From Ontario County Journal 12 March 1909

All along the shores of Canandaigua lake, the announcement of the sudden death of Sebastian Bopple will be received with sincere sorrow, for no dweller of the lakeside was better known or more universally respected than he. His death occurred at his home near Millers, yesterday, shortly after noon. For two weeks he had been suffering from grip, but had been able to be about the house as usual. After eating dinner with the family, he complained of not feeling quite so well, and at the persuasion of his wife lay down on the sofa. Mrs. Bopple left the room for a blanket to spread over him, and when she returned he was unconscious and expired within a minute. Mr. Bopple had resided on the lake for over 40 years and was one of the most extensive vineyardists. He was born in Germany 75 years ago and came to this country 47 years ago, settling in the Mohawk valley, where he remained for seven years before coming to South Bristol. He was twice married. His first wife was Miss Katherine Stempel, who died 20 years ago. Later, he married Miss Julia Schuers who survives him, together with one daughter, one brother, John Bopple, and one sister, Mrs. John Wiegent, both of Utica. Mr. Bopple's life was an influence for good. Kindly courteousness marked his dealings with men and he won and held their esteem and respect. The community has suffered a great loss in his death, but the influence of his life will long remain. The funeral will be held from the home on Sunday at 1 p.m. Rev. Mr. Roop of Naples will officiate and the interment will be in Coye cemetery.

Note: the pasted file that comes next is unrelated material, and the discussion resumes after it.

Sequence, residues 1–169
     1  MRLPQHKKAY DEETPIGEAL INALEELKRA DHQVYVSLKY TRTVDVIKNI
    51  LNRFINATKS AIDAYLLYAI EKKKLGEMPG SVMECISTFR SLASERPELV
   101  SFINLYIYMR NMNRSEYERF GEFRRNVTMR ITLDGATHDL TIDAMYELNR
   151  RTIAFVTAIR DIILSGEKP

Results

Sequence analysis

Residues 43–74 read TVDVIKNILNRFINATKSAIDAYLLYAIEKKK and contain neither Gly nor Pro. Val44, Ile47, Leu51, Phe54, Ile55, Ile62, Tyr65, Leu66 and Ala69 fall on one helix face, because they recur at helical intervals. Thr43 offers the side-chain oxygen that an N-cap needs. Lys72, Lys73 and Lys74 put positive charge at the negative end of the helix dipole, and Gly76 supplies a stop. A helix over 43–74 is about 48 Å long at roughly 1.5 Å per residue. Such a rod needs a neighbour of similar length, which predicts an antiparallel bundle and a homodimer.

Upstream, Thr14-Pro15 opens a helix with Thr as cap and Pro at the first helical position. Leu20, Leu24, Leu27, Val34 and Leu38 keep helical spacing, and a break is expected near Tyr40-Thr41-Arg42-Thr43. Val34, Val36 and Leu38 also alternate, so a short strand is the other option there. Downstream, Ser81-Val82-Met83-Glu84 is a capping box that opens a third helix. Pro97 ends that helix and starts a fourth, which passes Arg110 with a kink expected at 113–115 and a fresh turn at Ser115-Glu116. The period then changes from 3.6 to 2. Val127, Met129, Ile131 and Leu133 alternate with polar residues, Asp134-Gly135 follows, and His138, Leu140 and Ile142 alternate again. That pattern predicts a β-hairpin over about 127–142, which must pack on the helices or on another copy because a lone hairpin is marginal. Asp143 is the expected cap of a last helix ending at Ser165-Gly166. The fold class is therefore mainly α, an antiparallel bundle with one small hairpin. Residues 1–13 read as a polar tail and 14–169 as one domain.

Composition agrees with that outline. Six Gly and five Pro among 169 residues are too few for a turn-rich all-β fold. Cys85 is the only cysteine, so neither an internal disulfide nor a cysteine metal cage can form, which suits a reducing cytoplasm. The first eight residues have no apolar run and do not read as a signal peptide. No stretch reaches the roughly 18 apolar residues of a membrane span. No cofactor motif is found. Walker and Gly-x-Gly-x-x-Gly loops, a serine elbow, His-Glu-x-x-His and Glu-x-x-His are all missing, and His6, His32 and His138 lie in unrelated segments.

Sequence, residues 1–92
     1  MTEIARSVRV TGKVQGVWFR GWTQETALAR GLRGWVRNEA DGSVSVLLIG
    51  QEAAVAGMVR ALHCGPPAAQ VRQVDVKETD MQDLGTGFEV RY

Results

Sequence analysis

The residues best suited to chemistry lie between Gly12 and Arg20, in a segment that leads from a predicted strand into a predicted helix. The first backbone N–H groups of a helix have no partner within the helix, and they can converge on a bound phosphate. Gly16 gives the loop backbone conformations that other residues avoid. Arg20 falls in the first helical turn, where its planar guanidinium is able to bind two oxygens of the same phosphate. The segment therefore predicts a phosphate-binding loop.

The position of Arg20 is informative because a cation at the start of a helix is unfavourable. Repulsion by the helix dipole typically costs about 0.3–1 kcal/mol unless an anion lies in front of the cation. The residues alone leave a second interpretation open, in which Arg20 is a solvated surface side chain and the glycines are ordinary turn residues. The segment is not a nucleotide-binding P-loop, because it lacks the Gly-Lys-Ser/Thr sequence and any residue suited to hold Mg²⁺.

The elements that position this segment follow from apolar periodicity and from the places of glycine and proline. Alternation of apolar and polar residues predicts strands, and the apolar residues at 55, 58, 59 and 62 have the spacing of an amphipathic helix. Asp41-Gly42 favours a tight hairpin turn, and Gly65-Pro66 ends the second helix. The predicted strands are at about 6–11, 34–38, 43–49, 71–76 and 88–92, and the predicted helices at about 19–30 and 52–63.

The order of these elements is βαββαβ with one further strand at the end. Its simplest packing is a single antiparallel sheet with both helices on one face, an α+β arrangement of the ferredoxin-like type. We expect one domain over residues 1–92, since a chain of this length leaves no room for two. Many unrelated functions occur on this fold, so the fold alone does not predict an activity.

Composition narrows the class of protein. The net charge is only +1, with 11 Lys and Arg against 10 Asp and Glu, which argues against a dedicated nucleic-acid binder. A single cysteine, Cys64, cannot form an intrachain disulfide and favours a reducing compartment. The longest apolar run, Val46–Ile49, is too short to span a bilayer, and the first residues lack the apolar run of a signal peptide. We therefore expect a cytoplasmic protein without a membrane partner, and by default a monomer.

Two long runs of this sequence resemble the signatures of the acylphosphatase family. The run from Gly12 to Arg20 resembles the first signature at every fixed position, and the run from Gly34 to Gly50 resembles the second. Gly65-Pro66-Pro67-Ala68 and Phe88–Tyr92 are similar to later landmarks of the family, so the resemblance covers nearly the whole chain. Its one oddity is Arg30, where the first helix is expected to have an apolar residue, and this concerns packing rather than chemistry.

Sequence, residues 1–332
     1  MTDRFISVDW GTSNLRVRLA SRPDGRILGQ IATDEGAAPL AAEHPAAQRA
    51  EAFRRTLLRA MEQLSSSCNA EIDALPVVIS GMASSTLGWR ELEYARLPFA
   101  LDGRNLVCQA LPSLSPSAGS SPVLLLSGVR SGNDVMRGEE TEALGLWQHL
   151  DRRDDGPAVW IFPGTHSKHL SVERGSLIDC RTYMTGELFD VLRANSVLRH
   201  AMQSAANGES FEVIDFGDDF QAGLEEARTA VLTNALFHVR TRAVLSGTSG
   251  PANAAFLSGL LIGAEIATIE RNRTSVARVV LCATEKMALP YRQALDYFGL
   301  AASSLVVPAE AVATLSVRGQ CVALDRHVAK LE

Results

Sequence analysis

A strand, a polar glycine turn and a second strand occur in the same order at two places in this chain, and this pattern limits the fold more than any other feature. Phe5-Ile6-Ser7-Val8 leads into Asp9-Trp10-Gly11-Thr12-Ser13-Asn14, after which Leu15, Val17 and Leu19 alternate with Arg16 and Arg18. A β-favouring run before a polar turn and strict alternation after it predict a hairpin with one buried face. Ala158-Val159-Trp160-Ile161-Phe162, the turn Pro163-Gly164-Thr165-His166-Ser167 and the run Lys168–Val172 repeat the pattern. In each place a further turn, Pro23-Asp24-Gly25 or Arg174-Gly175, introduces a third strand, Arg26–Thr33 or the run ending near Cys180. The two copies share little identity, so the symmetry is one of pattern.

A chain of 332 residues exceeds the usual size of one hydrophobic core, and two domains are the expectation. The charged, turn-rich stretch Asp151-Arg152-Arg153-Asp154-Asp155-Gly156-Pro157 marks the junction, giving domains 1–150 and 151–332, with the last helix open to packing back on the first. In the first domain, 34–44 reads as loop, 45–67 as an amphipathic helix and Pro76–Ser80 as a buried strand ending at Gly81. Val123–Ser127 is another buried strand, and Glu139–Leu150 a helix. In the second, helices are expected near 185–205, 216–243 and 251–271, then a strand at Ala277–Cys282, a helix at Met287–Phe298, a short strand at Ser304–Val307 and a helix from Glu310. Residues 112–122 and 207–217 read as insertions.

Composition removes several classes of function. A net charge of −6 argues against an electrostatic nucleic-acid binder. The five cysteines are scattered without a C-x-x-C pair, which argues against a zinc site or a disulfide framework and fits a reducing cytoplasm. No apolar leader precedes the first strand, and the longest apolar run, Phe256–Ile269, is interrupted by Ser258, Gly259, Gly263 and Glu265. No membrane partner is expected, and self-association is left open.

From Ontario County Journal 29 March 1889

The people of South Bristol were shocked last Tuesday by the news of the suicide of Mrs. Sebastian Bopple, an esteemed lady of that town, who had been in ill health for several months. Her sickness and other troubles had unbalanced her mind, and it had been necessary for her family to watch her closely for some months. In December she wandered away, but was tracked in the snow and brought back, and last Friday she took advantage of an opportunity to get away and went to the lake below Mr. Bopple's residence and was found there shortly after in the water up to her waist. On Tuesday, Mr. Bopple, having charge of a number of men working in his vineyard, she again found an opportunity to go to the lake, and accomplished her purpose. About one o'clock she was missed and the men on the place started in search immediately. They found her in shallow water near the shore of the lake, just below Mr. Bopple's residence and a short distance above Miller's landing. She was still breathing, but died within an hour after she was discovered. The deceased was 58 years old and leaves a husband and daughter.

From Victor Herald 12 August 1893